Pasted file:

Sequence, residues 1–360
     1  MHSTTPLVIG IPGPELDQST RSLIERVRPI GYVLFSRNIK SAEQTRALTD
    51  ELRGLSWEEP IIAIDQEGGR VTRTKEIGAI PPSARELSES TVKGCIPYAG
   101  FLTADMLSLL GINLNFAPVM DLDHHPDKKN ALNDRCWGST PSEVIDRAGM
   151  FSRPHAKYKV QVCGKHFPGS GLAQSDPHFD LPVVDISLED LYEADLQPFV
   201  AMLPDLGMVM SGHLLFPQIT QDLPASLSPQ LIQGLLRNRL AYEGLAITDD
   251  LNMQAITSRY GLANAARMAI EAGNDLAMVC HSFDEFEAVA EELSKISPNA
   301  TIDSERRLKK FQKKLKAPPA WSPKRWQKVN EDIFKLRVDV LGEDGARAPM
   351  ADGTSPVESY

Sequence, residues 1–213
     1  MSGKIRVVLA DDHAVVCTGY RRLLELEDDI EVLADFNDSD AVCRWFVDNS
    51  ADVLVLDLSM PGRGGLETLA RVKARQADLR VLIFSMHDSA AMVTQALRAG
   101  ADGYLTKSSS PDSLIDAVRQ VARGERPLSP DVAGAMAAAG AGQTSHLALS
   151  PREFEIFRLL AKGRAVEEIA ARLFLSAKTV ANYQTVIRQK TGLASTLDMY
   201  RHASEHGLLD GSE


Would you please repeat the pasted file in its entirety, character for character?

Sequence, residues 1–360
     1  MHSTTPLVIG IPGPELDQST RSLIERVRPI GYVLFSRNIK SAEQTRALTD
    51  ELRGLSWEEP IIAIDQEGGR VTRTKEIGAI PPSARELSES TVKGCIPYAG
   101  FLTADMLSLL GINLNFAPVM DLDHHPDKKN ALNDRCWGST PSEVIDRAGM
   151  FSRPHAKYKV QVCGKHFPGS GLAQSDPHFD LPVVDISLED LYEADLQPFV
   201  AMLPDLGMVM SGHLLFPQIT QDLPASLSPQ LIQGLLRNRL AYEGLAITDD
   251  LNMQAITSRY GLANAARMAI EAGNDLAMVC HSFDEFEAVA EELSKISPNA
   301  TIDSERRLKK FQKKLKAPPA WSPKRWQKVN EDIFKLRVDV LGEDGARAPM
   351  ADGTSPVESY

Sequence, residues 1–213
     1  MSGKIRVVLA DDHAVVCTGY RRLLELEDDI EVLADFNDSD AVCRWFVDNS
    51  ADVLVLDLSM PGRGGLETLA RVKARQADLR VLIFSMHDSA AMVTQALRAG
   101  ADGYLTKSSS PDSLIDAVRQ VARGERPLSP DVAGAMAAAG AGQTSHLALS
   151  PREFEIFRLL AKGRAVEEIA ARLFLSAKTV ANYQTVIRQK TGLASTLDMY
   201  RHASEHGLLD GSE